(b) the accused applies for such an order for the purpose of consulting the documents to prepare for trial.
Order for destruction of documents

(1.5) Where a sealed packet is opened, its contents shall not be destroyed except pursuant to an order of a judge of the same court as the judge who gave the authorization.

Order of judge

(2) An order under subsection (1.2) [manner in which application to be kept secret – opening for further applications], (1.3) [opening on order of judge to copy and examine packet], (1.4) [opening on order of trial judge to copy and examine packet for trial] or (1.5) [order for destruction of documents] made with respect to documents relating to an application made pursuant to section 185 [procedure to apply for a 186 wiretap] or subsection 186(6) [authorization of wiretap – renewal] or 196(2) [suspension while extension application pending] may only be made after the Attorney General or the Minister of Public Safety and Emergency Preparedness by whom or on whose authority the application for the authorization to which the order relates was made has been given an opportunity to be heard.

Idem

(3) An order under subsection (1.2) [manner in which application to be kept secret – opening for further applications], (1.3) [opening on order of judge to copy and examine packet], (1.4) [opening on order of trial judge to copy and examine packet for trial] or (1.5) [order for destruction of documents] made with respect to documents relating to an application made pursuant to subsection 184.2(2) [one-party consent wiretap – content of application] or section 184.3 [one-party consent wiretap by telewarrant] may only be made after the Attorney General has been given an opportunity to be heard.

Editing of copies

(4) Where a prosecution has been commenced and an accused applies for an order for the copying and examination of documents pursuant to subsection (1.3) [opening on order of judge to copy and examine packet] or (1.4) [opening on order of trial judge to copy and examine packet for trial], the judge shall not, notwithstanding those subsections, provide any copy of any document to the accused until the prosecutor has deleted any part of the copy of the document that the prosecutor believes would be prejudicial to the public interest, including any part that the prosecutor believes could

(a) compromise the identity of any confidential informant;
(b) compromise the nature and extent of ongoing investigations;
(c) endanger persons engaged in particular intelligence-gathering techniques and thereby prejudice future investigations in which similar techniques would be used; or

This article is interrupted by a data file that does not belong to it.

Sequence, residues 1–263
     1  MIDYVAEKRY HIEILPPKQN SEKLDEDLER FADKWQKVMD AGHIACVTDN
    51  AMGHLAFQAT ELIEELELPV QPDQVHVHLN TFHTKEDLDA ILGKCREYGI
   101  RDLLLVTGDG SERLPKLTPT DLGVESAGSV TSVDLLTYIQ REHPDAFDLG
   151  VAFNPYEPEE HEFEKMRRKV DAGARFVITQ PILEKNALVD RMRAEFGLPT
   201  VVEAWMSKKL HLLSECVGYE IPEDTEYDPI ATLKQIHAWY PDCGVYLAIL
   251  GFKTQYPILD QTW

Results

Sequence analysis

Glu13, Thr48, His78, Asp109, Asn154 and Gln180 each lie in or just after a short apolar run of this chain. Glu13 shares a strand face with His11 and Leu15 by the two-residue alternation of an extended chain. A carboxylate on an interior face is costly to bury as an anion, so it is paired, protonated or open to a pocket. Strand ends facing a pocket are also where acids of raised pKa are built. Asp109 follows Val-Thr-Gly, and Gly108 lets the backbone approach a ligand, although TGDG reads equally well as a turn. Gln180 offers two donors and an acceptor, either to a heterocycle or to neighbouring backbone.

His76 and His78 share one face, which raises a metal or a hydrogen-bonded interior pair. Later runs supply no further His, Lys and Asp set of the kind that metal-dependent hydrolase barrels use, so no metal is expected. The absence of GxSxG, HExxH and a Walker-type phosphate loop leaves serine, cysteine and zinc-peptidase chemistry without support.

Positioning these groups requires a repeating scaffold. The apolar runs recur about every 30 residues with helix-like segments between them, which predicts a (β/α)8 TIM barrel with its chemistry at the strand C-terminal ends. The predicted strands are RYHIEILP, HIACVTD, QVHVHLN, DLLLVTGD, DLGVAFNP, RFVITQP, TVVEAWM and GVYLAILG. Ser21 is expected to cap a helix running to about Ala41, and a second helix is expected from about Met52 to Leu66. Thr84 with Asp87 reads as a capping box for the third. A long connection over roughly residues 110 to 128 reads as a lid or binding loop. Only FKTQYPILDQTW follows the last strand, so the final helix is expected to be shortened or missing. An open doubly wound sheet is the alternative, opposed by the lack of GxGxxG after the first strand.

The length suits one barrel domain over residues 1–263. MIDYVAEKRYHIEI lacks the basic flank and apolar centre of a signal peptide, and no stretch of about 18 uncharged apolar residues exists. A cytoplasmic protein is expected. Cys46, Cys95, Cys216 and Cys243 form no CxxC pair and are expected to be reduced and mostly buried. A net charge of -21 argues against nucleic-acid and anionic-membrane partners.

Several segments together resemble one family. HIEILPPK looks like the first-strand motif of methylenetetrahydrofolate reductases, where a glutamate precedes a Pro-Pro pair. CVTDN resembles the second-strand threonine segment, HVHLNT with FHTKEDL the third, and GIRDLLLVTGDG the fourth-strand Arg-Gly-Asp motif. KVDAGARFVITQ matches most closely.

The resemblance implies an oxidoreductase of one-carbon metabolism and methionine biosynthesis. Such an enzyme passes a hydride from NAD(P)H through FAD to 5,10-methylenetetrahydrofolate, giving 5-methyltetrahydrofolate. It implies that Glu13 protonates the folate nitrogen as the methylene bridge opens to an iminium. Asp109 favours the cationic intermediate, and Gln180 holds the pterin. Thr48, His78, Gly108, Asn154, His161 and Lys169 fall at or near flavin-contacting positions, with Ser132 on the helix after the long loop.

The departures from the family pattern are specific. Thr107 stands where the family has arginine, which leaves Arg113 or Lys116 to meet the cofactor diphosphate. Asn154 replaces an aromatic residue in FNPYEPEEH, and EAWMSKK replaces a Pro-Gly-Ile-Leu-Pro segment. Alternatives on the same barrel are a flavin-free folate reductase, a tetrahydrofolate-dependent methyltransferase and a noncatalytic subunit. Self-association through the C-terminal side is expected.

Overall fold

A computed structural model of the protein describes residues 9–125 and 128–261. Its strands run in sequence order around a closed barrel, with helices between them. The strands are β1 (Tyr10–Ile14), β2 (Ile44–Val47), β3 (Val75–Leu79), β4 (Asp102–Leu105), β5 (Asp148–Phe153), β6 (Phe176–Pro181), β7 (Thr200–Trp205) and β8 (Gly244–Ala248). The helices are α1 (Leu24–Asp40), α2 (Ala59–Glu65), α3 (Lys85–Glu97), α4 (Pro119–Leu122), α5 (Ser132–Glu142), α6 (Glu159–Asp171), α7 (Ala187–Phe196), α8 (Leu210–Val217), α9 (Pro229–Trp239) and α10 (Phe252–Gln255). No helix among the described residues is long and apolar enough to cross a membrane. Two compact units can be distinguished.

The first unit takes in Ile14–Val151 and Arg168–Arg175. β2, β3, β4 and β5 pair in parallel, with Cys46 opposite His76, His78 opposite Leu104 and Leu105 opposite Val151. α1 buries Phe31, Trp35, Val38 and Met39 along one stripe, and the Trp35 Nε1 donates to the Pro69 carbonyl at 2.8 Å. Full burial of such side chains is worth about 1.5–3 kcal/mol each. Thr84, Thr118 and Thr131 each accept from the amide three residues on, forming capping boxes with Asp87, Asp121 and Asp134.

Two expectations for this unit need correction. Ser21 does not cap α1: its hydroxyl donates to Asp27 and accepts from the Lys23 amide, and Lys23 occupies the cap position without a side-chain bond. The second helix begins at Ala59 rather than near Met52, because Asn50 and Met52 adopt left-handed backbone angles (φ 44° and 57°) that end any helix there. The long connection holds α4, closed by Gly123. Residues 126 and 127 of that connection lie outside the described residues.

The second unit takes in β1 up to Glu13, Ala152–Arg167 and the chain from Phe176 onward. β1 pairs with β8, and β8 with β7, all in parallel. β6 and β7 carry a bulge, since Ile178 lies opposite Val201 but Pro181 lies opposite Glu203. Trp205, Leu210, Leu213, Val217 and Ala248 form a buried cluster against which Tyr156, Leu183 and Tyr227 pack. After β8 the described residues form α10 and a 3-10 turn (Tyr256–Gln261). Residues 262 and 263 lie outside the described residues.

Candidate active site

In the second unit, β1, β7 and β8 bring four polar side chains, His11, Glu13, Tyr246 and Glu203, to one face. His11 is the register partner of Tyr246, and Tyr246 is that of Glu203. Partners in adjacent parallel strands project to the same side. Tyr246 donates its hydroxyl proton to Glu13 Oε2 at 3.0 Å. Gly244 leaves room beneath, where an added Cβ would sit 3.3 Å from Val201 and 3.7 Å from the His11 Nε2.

(d) prejudice the interests of innocent persons.
Accused to be provided with copies

(5) After the prosecutor has deleted the parts of the copy of the document to be given to the accused under subsection (4) [editing of copies to remove certain information before disclosure], the accused shall be provided with an edited copy of the document.

Original documents to be returned

(6) After the accused has received an edited copy of a document, the prosecutor shall keep a copy of the original document, and an edited copy of the document and the original document shall be returned to the packet and the packet resealed.

Deleted parts

(7) An accused to whom an edited copy of a document has been provided pursuant to subsection (5) [order for destruction of documents] may request that the judge before whom the trial is to be held order that any part of the document deleted by the prosecutor be made available to the accused, and the judge shall order that a copy of any part that, in the opinion of the judge, is required in order for the accused to make full answer and defence and for which the provision of a judicial summary would not be sufficient, be made available to the accused.

Documents to be kept secret — related warrant or order

(8) The rules provided for in this section apply to all documents relating to a request for a related warrant or order referred to in subsection 184.2(5) [one-party consent wiretap – other concurrent authorizations], 186(8) [authorization of wiretap – other concurrent authorizations] or 188(6) [emergency wiretaps – related warrant or order] with any necessary modifications.
R.S., 1985, c. C-46, s. 187; R.S., 1985, c. 27 (1st Supp.), s. 24; 1993, c. 40, s. 7; 2005, c. 10, s. 24; 2014, c. 31, s. 10.
[annotation(s) added]

CCC


Note up: 187(1.2), (1.3), (1.4), (1.5), (2), (3), (4), (5), (6), (7), and (8)

Non-Disclosure Order for Production Orders

See also: Production Orders
Order prohibiting disclosure

487.0191 (1) On ex parte application made by a peace officer or public officer, a justice or judge may make an order prohibiting a person from disclosing the existence or some or all of the contents of a preservation demand made under section 487.012 [preservation demand] or a preservation or production order made under any of sections 487.013 to 487.018 [provisions on production orders] during the period set out in the order.

Conditions for making order

(2) Before making the order, the justice or judge must be satisfied by information on oath in Form 5.009 [forms] that there are reasonable grounds to believe that the disclosure during that period would jeopardize the conduct of the investigation of the offence to which the preservation demand or the preservation or production order relates.

Form

(3) The order is to be in Form 5.0091 [forms].

Application to revoke or vary order

(4) A peace officer or a public officer or a person, financial institution or entity that is subject to an order made under subsection (1) [order prohibiting disclosure of preservation or production orders] may apply in writing to the justice or judge who made the order  —  or to a judge in the judicial district where the order was made  —  to revoke or vary the order.
2014, c. 31, s. 20.
[annotation(s) added]

CCC


Note up: 487.0191(1), (2), (3), and (4)


peace officer and public officer

Section 2 defines "peace officer".[1] Section 487.011 defines "public officer".[2]

judge and justice

Section 2 defines "justice".[3] Section 487.011 defines "judge".[4]

See Also